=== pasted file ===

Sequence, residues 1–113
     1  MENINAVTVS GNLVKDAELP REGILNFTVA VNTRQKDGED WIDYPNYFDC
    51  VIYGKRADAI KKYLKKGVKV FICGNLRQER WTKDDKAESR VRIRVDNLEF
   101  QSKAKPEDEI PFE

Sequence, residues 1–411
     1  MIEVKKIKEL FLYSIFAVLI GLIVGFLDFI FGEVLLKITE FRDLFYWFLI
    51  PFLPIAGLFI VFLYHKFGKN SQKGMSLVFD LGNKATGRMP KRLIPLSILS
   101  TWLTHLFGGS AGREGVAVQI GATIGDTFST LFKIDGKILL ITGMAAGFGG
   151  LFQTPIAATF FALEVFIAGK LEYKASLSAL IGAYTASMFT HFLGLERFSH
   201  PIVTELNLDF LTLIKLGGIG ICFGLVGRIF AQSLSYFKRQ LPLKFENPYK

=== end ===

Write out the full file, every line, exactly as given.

Sequence, residues 1–113
     1  MENINAVTVS GNLVKDAELP REGILNFTVA VNTRQKDGED WIDYPNYFDC
    51  VIYGKRADAI KKYLKKGVKV FICGNLRQER WTKDDKAESR VRIRVDNLEF
   101  QSKAKPEDEI PFE

Sequence, residues 1–411
     1  MIEVKKIKEL FLYSIFAVLI GLIVGFLDFI FGEVLLKITE FRDLFYWFLI
    51  PFLPIAGLFI VFLYHKFGKN SQKGMSLVFD LGNKATGRMP KRLIPLSILS
   101  TWLTHLFGGS AGREGVAVQI GATIGDTFST LFKIDGKILL ITGMAAGFGG
   151  LFQTPIAATF FALEVFIAGK LEYKASLSAL IGAYTASMFT HFLGLERFSH
   201  PIVTELNLDF LTLIKLGGIG ICFGLVGRIF AQSLSYFKRQ LPLKFENPYK